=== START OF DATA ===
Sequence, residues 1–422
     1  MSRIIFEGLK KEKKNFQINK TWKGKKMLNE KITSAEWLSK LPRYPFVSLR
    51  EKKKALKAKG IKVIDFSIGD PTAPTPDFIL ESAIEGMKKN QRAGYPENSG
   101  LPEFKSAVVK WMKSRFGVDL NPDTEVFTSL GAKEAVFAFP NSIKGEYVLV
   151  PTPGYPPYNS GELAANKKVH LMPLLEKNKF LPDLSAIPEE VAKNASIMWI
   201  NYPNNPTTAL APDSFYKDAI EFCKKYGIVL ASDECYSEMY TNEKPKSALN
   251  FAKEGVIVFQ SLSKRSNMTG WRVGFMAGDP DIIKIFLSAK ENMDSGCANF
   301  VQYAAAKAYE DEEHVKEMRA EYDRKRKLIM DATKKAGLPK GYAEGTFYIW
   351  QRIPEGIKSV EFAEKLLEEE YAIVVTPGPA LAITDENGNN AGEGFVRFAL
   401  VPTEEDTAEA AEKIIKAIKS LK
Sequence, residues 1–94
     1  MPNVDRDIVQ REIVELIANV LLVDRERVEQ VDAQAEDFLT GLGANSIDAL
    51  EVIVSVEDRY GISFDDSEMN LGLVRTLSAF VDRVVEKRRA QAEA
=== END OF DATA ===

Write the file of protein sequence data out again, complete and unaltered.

Sequence, residues 1–422
     1  MSRIIFEGLK KEKKNFQINK TWKGKKMLNE KITSAEWLSK LPRYPFVSLR
    51  EKKKALKAKG IKVIDFSIGD PTAPTPDFIL ESAIEGMKKN QRAGYPENSG
   101  LPEFKSAVVK WMKSRFGVDL NPDTEVFTSL GAKEAVFAFP NSIKGEYVLV
   151  PTPGYPPYNS GELAANKKVH LMPLLEKNKF LPDLSAIPEE VAKNASIMWI
   201  NYPNNPTTAL APDSFYKDAI EFCKKYGIVL ASDECYSEMY TNEKPKSALN
   251  FAKEGVIVFQ SLSKRSNMTG WRVGFMAGDP DIIKIFLSAK ENMDSGCANF
   301  VQYAAAKAYE DEEHVKEMRA EYDRKRKLIM DATKKAGLPK GYAEGTFYIW
   351  QRIPEGIKSV EFAEKLLEEE YAIVVTPGPA LAITDENGNN AGEGFVRFAL
   401  VPTEEDTAEA AEKIIKAIKS LK
Sequence, residues 1–94
     1  MPNVDRDIVQ REIVELIANV LLVDRERVEQ VDAQAEDFLT GLGANSIDAL
    51  EVIVSVEDRY GISFDDSEMN LGLVRTLSAF VDRVVEKRRA QAEA